10 great board games for traders

October 2, 2013 11:02 AM

Games are great when they bringing people together to socialize, but they can be even better if you’re getting something out of them. Here’s a chance to sit back with some friends and put your skills as a trader to the test in a (slightly) less competitive atmosphere. Although nearly everyone owns a copy of Monopoly, we think you'll agree once you’ve seen our selections that games have come a long way since it was released in the 1930s. Here are 10 board games traders are sure to love.

After you’ve check out our selections, let us know if you’ve played any of these, or if there’s a gem that we missed.

10. Imperial 2030

Looking at the world through less-than-rose-colored glasses, Imperial 2030 has players take the role of internationally operating investors that act in the background of politics. In this game, it is not the players who take turns, but the six major industrial countries (United States, Europe, Russia, China, India and Brazil) that work to develop their industry and build armies and fleets. The countries then fight over control of neutral land and sea areas to become the most powerful nation.

The players act by giving money to the six powers, each of which have their own treasuries, and thus gain influence over that countries politics. The biggest investor in each nation gains control of that nation's government and decides what the nation will do. Control of a government can chance with each new investment, and players even may control several governments at one time. Don’t get too attached to one nation, though, because your focus isn’t on keeping one country ahead of another, but on your rate of return. Essentially, this game is about money, and not military domination.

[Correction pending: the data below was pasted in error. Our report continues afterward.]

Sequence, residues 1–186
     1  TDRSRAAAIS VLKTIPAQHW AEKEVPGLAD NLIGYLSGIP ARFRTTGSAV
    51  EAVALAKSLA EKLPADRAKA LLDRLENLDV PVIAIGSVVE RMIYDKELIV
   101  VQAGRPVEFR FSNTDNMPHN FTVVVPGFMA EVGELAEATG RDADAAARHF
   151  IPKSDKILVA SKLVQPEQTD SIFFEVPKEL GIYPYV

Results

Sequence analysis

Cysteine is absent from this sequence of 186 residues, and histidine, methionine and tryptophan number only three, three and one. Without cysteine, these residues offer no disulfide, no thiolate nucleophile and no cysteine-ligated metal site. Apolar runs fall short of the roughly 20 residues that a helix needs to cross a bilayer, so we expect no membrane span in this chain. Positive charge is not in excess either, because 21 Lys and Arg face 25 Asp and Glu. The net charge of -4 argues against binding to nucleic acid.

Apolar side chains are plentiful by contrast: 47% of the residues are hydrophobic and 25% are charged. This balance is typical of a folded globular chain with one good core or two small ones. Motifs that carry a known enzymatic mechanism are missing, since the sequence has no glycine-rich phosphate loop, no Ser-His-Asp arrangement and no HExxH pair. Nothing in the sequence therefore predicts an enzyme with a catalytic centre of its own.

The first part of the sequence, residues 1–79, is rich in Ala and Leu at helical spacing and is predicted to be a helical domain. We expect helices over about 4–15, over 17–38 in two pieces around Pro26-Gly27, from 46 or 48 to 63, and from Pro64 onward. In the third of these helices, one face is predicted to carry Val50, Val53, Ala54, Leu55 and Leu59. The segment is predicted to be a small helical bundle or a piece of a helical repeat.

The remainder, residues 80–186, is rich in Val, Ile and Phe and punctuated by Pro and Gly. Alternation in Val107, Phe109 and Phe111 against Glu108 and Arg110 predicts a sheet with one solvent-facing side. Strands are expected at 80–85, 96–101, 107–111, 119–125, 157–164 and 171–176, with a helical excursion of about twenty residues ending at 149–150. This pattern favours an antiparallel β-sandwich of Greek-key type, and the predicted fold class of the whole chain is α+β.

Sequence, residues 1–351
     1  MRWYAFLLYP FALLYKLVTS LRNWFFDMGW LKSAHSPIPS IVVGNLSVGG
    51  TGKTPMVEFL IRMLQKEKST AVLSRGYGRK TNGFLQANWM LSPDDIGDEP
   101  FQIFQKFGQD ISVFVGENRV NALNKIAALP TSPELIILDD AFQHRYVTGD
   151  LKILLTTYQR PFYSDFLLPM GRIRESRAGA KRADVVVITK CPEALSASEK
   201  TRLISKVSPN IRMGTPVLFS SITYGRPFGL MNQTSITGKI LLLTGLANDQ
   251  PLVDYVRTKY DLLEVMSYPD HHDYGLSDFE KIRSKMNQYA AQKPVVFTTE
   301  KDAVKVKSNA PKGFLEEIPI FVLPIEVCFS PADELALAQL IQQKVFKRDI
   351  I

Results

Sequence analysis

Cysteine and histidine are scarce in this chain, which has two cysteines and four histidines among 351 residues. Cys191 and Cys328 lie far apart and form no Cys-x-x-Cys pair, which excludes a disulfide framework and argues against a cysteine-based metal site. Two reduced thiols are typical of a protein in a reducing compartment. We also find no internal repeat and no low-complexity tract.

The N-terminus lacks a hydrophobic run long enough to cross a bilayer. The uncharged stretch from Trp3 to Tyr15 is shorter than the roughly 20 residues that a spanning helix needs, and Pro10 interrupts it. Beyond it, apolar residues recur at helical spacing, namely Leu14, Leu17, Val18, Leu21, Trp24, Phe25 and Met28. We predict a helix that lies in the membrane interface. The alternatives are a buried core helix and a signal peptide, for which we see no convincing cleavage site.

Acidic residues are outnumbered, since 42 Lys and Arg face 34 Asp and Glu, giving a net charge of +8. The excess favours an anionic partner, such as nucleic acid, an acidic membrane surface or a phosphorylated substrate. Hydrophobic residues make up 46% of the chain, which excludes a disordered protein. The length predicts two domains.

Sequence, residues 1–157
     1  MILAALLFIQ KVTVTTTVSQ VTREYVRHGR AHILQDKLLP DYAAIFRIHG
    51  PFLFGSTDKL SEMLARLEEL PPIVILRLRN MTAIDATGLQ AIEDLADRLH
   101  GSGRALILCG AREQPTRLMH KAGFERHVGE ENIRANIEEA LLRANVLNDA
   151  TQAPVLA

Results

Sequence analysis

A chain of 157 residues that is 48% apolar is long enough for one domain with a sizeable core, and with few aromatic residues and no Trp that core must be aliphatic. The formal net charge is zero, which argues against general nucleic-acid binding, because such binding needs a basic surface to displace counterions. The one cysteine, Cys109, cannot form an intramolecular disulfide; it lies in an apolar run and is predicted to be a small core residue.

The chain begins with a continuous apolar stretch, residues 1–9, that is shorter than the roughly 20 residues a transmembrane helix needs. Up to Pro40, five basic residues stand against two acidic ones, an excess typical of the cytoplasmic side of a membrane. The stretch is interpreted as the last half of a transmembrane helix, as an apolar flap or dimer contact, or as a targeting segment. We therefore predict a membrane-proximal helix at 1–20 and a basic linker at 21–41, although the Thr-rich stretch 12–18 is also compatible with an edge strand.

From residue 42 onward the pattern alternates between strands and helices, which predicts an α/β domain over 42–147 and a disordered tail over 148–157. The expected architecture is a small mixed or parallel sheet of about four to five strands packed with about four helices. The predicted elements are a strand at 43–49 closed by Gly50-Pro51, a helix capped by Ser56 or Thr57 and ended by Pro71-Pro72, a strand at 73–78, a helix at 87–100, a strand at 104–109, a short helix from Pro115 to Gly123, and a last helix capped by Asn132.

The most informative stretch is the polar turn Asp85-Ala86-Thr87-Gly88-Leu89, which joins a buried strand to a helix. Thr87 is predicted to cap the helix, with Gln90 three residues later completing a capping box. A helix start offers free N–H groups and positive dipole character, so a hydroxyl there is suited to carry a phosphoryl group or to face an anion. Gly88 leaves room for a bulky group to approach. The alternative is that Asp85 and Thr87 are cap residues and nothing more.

9. Chicago Express

In Chicago Express, players take on the role of railroad executives just as four major railroads are pushing west, all trying to be the first to make it to Chicago. Gameplay is relatively simple with each player taking one of three actions on their turn, but the ramifications of those actions can run deep. On your turn, you can lay one to three trains on the board, develop a section of land (thus raising money for your company), or you can auction of more shares of a company.

The game ends when three companies run out of trains, three companies run out of stock, when houses run out or when Detroit is worth eight points. Ultimately you have to make the most money in the short timeframe of a game and make sure you don't overpay for your shares. However you need to pay enough to make sure your company has some capital to spend to build railroads. The player with the most profit at the end, wins.

8. Acquire

Acquire has been around since 1962, and in many ways is the perennial stock trading game. In it, players are strategically investing in business, while trying to maintain a majority stockholder position. As businesses grow throughout the game, they also start merging, which give the majority stockholders of the acquired business sizeable bonuses. These then can be used to reinvest into other chains. All of the investors in the newly acquired company then can cash in their stocks for current value or trade then 2-for-1 for shares of the new larger business.

Acquire combines stock trading with a spatial element with traders laying tiles on a board. Ultimately, it is a race to acquire the greatest wealth.

7. Panic on Wall Street!